clock 10 am – 5 pm
Blog Nature

Thrushes on the Trail

When I heard the fluting, ethereal song coming from the trees of the Dinosaur Trail, I knew it was one of the thrushes. There had been a couple of Swainson’s and gray-cheeked thrushes near the entrance to the trail for a few days now. The birds were layovers on their way north to their breeding areas.

Though I heard it, and thought sure it was a Swainson’s thrush, I wanted to see it. I wanted to confirm my birdsong interpretation skills and, well, I just wanted to see a Swainson’s thrush. If one lives on the Piedmont of the Carolinas one only gets a few weeks in the fall and spring to catch a glimpse of this and some of the other thrushes.

All year resident, eastern bluebird.
American robins can bee seen throughout the year.

There are a few thrushes which are here all year long, the eastern bluebird, and American robin. There’s one which is only here during the breeding season, the wood thrush, and one that winters here, the hermit thrush. There are several which migrate through like the gray-cheeked thrush, Swainson’s thrush, and veery.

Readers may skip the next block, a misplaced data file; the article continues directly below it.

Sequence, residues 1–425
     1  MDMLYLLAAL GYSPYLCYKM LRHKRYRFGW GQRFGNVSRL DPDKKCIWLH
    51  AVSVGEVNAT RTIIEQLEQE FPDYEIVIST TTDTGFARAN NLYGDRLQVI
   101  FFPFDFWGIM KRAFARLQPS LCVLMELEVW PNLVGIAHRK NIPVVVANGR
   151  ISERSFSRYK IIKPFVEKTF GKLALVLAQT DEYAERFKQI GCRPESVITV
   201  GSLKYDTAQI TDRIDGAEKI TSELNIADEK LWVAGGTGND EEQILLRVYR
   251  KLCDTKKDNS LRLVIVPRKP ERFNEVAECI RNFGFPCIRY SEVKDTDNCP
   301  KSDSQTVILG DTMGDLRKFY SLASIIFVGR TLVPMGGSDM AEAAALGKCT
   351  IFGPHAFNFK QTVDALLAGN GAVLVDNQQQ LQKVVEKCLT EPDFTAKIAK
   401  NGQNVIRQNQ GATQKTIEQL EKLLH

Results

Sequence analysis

Summer resident, wood thrush.
Winter only, hermit thrush.

If you want to see any of the last three in the above list you have to be outside watching and listening for them during, let’s say April – May and then again in September – October. Even though they save their best songs for their arrival on the breeding grounds, they at least give us a tease during their brief stop-overs on their northward journeys in spring. Their hormones are flowing and their songs are being rehearsed. They won’t, however, be singing in the fall.

Transient gray-cheeked thrush (note gray cheeks).
Swainson’s thrush, migrant only (note buff colored cheeks and eye-ring).

It’s always a thrill to hear the thrushes sing their songs each spring, and sometimes frustrating to find the birds in the fully leafed-out trees of May.